TYPES OF CHRIST IN THE OLD TESTAMENT
Bible Study - Commentary by Jim Melough
2001 James Melough
TABLE OF SHEWBREAD
third article of furniture in the sanctuary (the outer room of the tabernacle) was
the golden table, upon which the twelve loaves of shewbread rested, and most students
of Biblical typology agree that it represents, not only Christ as the Bread of life,
but also as the Lord’s table around which believers meet on the first day of the
week to remember His death, and present their corporate worship.
From the details of its
construction given in Ex 25:23-30 we learn that it was relatively small, about
thirty-six inches long, eighteen inches broad, and twenty-seven inches high.
In its composition, acacia
wood overlaid with pure gold, we are being shown the dual nature of Christ, for wood
is the symbol of humanity, as gold is of Divine glory.
In Him we have combined two perfect natures, one human, the other Divine.
He is perfect Man, but also perfect God.
Its composition reminds us
also of His sufferings and death. As the
tree was cut down, and sawn into boards, so was He “cut down” in death, in order
that He might become the “Table” that furnishes the believer’s spiritual
“Bread.” As the gold was subjected
to the fire, and to the smith’s hammer, so was Christ subjected to the fire of
Divine wrath against sin, and to the “hammer” of man’s wrath against holiness.
As the table, ornamented
with a double crown, sat there in the presence of God, so does the Lord sit today,
crowned with glory and honor, at the Father’s right hand.
twelve loaves, or cakes, (one for each tribe), were viewed by God as one bread,
called the shewbread. Each Sabbath those
loaves, after being replaced with fresh ones, were eaten in the holy place, by the
priests. That table therefore
symbolically furnished bread for God, and also for man; but inasmuch as eating speaks
of satisfaction, the truth being declared is that God and man find their satisfaction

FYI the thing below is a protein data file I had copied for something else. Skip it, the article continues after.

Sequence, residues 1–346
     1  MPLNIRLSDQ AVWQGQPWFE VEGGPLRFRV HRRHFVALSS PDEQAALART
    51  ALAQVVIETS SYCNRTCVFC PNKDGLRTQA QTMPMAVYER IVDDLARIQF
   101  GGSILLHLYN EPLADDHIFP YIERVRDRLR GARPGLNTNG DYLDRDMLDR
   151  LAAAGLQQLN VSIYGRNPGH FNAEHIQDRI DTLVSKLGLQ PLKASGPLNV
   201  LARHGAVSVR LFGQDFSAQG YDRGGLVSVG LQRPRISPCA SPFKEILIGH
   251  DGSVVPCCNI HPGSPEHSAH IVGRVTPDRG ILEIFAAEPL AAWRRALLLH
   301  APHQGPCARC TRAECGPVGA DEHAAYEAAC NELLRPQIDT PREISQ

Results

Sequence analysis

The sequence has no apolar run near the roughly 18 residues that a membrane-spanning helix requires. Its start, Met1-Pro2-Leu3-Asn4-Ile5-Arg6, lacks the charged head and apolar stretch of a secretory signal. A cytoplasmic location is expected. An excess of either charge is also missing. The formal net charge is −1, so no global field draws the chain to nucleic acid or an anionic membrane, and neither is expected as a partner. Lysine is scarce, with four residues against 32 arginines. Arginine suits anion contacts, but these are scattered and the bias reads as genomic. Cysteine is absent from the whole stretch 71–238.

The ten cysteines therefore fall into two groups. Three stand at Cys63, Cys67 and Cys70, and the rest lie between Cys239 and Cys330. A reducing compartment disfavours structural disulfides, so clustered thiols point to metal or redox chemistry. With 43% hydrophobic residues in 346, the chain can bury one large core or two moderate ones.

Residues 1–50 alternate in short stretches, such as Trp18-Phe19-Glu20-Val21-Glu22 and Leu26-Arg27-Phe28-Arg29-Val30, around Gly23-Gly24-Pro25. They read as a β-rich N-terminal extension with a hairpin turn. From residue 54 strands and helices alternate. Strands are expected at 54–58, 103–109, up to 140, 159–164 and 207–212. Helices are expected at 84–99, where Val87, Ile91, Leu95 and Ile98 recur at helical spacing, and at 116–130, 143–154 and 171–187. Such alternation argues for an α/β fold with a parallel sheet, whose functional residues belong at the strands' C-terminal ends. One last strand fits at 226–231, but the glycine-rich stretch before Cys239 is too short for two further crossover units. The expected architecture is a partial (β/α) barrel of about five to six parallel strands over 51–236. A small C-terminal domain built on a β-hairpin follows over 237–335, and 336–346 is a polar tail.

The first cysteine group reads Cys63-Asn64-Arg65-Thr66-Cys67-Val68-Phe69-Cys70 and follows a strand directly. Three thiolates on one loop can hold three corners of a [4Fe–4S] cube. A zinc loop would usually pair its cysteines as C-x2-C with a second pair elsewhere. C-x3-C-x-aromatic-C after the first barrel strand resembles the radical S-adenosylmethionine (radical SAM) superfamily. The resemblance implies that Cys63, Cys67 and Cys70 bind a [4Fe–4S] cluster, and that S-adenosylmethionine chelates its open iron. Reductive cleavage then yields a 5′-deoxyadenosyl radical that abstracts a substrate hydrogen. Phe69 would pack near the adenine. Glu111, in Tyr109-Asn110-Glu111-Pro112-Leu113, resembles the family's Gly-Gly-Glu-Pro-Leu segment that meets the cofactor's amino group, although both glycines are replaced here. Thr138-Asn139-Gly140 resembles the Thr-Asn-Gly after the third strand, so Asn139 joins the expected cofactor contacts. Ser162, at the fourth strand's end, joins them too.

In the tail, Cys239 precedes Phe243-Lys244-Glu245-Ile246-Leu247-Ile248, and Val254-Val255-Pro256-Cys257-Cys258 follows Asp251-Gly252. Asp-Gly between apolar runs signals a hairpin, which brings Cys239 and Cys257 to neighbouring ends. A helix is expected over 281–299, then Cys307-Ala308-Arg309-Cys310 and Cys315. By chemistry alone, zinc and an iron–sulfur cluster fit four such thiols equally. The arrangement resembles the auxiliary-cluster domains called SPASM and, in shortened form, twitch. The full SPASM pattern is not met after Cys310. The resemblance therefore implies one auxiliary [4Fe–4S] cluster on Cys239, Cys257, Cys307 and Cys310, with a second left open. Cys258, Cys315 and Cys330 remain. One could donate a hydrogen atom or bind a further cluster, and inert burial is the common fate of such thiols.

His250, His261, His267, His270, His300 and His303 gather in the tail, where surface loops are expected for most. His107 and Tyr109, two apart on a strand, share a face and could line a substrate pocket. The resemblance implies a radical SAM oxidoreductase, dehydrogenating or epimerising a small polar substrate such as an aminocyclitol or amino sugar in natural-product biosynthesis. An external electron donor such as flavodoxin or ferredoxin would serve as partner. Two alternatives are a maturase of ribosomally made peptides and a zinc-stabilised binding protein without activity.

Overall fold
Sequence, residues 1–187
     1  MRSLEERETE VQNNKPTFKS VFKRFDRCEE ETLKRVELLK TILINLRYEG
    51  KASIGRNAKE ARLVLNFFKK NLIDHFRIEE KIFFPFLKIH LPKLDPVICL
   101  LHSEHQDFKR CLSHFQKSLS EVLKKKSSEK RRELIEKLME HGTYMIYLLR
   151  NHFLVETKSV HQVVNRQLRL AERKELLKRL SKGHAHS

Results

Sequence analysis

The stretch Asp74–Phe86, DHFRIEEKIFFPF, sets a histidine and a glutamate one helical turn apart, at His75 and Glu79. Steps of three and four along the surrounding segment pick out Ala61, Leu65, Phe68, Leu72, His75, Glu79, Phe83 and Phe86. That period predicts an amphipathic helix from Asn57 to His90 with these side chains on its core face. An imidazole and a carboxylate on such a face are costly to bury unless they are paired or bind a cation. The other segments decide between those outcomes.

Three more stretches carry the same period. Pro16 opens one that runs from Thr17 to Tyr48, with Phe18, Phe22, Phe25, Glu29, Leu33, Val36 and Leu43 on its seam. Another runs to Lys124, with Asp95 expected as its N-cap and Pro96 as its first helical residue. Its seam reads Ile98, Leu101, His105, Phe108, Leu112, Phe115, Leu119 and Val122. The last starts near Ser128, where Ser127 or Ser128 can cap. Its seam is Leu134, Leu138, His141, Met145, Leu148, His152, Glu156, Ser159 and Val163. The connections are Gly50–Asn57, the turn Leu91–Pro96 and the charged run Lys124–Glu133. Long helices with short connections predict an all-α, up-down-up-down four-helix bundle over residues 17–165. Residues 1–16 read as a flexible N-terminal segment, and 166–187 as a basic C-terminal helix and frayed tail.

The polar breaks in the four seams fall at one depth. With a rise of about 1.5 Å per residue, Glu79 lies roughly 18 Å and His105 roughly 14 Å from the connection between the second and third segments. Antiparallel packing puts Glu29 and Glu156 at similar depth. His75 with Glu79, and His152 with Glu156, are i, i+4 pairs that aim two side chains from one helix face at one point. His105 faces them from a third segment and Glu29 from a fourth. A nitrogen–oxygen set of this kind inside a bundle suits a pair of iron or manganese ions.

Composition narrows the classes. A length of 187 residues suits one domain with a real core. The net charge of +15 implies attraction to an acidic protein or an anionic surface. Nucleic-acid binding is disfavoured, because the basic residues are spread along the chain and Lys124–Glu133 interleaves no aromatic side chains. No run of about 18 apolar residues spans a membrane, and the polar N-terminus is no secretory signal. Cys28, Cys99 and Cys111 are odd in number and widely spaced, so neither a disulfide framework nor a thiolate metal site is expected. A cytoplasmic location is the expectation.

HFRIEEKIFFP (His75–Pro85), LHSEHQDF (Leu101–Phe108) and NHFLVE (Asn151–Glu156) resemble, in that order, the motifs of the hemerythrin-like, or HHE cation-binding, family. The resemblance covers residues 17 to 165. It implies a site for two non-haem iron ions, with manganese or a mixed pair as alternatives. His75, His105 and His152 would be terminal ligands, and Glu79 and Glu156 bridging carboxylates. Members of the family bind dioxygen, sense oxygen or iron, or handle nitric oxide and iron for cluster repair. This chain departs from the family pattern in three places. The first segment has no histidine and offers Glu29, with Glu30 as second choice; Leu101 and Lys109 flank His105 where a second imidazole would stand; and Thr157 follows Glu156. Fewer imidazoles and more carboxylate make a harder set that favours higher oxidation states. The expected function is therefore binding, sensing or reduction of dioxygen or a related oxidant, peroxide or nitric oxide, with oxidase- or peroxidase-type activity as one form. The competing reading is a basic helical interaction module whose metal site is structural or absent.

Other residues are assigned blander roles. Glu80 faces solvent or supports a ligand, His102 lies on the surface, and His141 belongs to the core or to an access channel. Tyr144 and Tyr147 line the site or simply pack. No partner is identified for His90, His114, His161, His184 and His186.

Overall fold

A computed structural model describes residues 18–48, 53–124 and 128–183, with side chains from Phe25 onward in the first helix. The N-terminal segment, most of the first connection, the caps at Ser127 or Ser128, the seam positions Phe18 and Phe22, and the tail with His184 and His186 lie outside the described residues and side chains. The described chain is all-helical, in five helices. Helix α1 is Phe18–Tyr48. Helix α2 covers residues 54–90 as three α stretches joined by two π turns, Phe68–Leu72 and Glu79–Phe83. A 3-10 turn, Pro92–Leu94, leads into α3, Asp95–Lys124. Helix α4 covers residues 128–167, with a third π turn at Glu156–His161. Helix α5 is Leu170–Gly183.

in the Christ represented by the bread on the golden table.
It should not be forgotten, however, that the men who ate that bread were the
priests, the sons of Aaron. Only
believers (spiritual priests, 1 Pe 2:5,9), the sons of the great High Priest, find
satisfaction in Christ.
The number of the loaves
which constituted the shewbread has also its lesson.
Since twelve is the number of Divine government on display, God would remind
us that the only One Who has ever yielded a perfect obedience to that government is
the Lord Jesus Christ. And since
glorification is the reward of obedience, we see the Lord’s glorification displayed
in the fact that that bread sat upon a table of gold (emblem of Divine glory).
As He glorified the Father in an obedient life, so has the Father now, in
resurrection, glorified the Son. The
shewbread reminds us that the Lord’s resurrection glory is the reward of an
obedience that extended even unto death, for as that bread was the result of the
cutting down of the wheat, the grinding, the action of the fire, so is the
resurrection glory of the true Bread the result of His having been cut down, of His
sufferings as man’s Substitute.
That table is also an
appropriate emblem of the communion enjoyed by the Father and the redeemed, through
the finished work of the Lord Jesus Christ. Surely only blind eyes will fail to see
in that golden table a picture of the Lord’s table around which the redeemed gather
on the first day of each week. As the
sons of Aaron set the bread before God upon the table each sabbath, so do the
spiritual sons of the great high Priest, through the presentation of their corporate
worship, set the Bread (Christ) before the Father on the first day of each week.
And as they ate the bread, in the holy place (God’s house), so do believers
eat the communion bread, in the holy place, the “house” comprised of believers
met together as a corporate body, “whose house are we,” Heb 3:6.
“The bread which we break, is it not the communion of the body of Christ?”
1 Cor 10:16.